How To Be a Full-Time Freelancer In the last few years, as more avenues have opened and, both individuals and companies have become more open to the idea of hiring someone as a freelancer, it is entirely possible to choose it as a career option. Here's a guide to how you can become a full-time freelancer.

By Debroop Roy

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It's a time where everyone wants to go the extra mile. There are people trying to do something extra, something other than what their regular job allows them to. And in the gig economy, every skill counts.

You could find a business management person exploring their passion for writing on a lazy weekend or perhaps an engineer who never found the chance to test his secret culinary skills in school. While for some, these activities remain a hobby; for a few others, it becomes a way of life.

In the last few years, as more avenues have opened and, both individuals and companies have become more open to the idea of hiring someone as a freelancer, it is entirely possible to choose it as a career option. Here's a guide to how you can become a full-time freelancer.


From freelancing as a content writer to graphic designing to even yoga trainers, up and coming trends have ensured that there is space for everyone.

Build a portfolio of work

As a content writer or a photographer, it is important that your work speaks volumes. Even if you do something for free in your initial days, make sure it is of the highest quality and has the hallmark of someone who knows their job. Your portfolio must help the customer imbibe confidence that you are the right person for the gig.

Market it well

In the age of social media, everything that glitters doesn't sell. Even customers are now more aware and want only the best. And to do that, you must reach them through the right medium. Some of the best places to find freelance work are websites where thousands of companies post their requirements. These websites also allow you to have your work displayed where companies or individuals can pick and choose. Make sure you stand out. Other than such websites, as photographers or designers, Instagram is a great visual medium to market your work considering the massive reach you can get.

Know the value of your work

Perhaps the most important point for a budding freelancer. Knowing what your work is worth and what to charge for which project is necessary to build a career in the space. As a freelance writer, one could charge per word, or per article of a few hundred words. As a photographer, it could be an hourly charge or a daily or even a per-project charge. There are different ways to define the value of your work, depending on what you are doing. It is necessary as a freelancer to gain experience and gauge the standard rates in the industry while you are still young and decide your fees accordingly.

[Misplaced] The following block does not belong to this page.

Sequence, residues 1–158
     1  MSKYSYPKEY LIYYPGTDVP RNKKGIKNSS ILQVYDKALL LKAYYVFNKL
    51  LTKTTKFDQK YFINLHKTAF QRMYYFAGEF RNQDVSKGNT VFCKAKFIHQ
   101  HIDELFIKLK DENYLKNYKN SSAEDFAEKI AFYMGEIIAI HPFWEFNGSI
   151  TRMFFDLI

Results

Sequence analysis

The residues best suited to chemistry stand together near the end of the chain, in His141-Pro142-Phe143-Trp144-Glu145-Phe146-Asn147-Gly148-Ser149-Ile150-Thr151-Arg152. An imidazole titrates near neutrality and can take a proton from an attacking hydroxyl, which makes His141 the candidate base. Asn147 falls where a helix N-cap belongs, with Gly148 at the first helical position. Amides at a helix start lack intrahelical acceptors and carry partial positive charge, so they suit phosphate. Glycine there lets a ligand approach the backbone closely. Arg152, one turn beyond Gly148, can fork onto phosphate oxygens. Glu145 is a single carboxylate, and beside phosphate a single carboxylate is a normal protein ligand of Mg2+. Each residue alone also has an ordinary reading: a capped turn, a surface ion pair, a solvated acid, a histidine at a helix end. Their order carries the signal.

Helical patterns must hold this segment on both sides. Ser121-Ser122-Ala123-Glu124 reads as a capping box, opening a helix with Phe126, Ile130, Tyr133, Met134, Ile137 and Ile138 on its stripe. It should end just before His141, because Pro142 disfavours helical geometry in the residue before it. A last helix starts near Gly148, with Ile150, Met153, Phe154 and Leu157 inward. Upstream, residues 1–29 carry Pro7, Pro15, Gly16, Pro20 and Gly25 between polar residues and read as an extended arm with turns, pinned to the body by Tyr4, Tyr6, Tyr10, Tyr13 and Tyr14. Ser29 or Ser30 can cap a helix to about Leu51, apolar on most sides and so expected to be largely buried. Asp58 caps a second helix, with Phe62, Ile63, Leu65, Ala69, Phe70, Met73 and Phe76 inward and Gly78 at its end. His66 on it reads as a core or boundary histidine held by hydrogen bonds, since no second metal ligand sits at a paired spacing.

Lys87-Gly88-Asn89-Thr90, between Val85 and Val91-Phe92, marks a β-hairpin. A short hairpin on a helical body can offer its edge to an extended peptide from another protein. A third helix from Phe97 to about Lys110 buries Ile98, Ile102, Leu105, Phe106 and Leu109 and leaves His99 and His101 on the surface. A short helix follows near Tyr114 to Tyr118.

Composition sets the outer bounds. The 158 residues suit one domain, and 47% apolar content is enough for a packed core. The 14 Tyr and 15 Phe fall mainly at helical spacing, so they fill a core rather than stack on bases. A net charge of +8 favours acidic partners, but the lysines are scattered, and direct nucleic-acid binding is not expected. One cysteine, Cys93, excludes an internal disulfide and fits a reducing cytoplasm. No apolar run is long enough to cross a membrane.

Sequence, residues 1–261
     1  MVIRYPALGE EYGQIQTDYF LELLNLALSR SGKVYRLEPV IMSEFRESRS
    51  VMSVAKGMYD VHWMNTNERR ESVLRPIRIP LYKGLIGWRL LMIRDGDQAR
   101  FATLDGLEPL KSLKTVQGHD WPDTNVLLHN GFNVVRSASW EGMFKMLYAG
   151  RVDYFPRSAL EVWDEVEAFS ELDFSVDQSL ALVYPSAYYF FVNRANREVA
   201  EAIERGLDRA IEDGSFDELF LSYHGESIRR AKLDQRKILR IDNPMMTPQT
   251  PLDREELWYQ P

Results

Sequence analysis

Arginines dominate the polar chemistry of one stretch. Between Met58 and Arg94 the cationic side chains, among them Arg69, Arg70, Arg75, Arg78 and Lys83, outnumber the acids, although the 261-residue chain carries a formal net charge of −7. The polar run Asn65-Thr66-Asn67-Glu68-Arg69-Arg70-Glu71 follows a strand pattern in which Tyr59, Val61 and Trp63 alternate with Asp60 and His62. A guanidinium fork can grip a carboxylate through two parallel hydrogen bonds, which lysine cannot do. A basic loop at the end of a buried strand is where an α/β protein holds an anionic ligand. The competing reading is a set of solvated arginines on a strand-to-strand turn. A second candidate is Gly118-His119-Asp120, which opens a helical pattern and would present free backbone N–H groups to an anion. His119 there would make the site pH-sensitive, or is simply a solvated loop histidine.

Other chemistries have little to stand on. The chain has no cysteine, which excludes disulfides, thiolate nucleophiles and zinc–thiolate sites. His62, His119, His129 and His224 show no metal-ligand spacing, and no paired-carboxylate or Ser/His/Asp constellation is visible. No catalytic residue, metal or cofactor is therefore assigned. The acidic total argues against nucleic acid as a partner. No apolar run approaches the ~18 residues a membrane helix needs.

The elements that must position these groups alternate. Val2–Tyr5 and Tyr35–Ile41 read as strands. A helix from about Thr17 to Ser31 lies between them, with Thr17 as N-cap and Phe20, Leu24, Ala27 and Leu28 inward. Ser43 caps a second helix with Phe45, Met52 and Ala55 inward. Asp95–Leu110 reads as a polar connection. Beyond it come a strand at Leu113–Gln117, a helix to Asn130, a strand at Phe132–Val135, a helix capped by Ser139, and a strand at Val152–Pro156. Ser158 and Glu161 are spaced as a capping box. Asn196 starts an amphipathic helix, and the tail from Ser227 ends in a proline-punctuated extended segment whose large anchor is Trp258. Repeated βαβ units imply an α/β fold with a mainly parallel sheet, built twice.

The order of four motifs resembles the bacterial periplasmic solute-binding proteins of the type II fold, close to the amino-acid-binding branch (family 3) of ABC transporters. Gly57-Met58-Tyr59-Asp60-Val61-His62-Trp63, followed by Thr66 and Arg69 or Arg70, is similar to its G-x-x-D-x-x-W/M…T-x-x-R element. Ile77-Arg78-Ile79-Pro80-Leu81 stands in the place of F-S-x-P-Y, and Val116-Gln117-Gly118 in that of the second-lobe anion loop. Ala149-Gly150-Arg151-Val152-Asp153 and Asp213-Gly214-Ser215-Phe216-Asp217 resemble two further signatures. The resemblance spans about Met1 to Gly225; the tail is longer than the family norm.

Now, when you are just beginning, you need to make little investment as a freelancer. If you are a freelance writer, all you possibly need is a decent computer and a good internet connection. You may even want to spend a bit on a writing crash course. As a photographer, you need some basic equipment - a camera with a few lenses, a gimbal, an audio recording equipment and perhaps a tripod. If chosen efficiently, all of this could go upwards of INR 50,000. The costs will vary depending upon the skills you are putting up on offer.

Building your portfolio through a professional looking website can cost you about INR 5,000 while marketing via social media apps such as Instagram could cost about the same when you are just starting.


As a freelancer, other than the usual challenge to find good work, challenges include and are not limited to: not getting paid on time, dealing with a customer who wants more work than what you are being paid for, or is someone who has little to no idea about what the project should look like.

While in the initial stages, it may be necessary to deal with such problems, eventually it is important that you affirm your stance and always make sure there are binding agreements so as to secure yourself legally.

Debroop Roy

Former Correspondent

Covering the start-up ecosystem in and around Bangalore. Formerly an energy reporter at Reuters. A film, cricket buff who also writes fiction on weekends.

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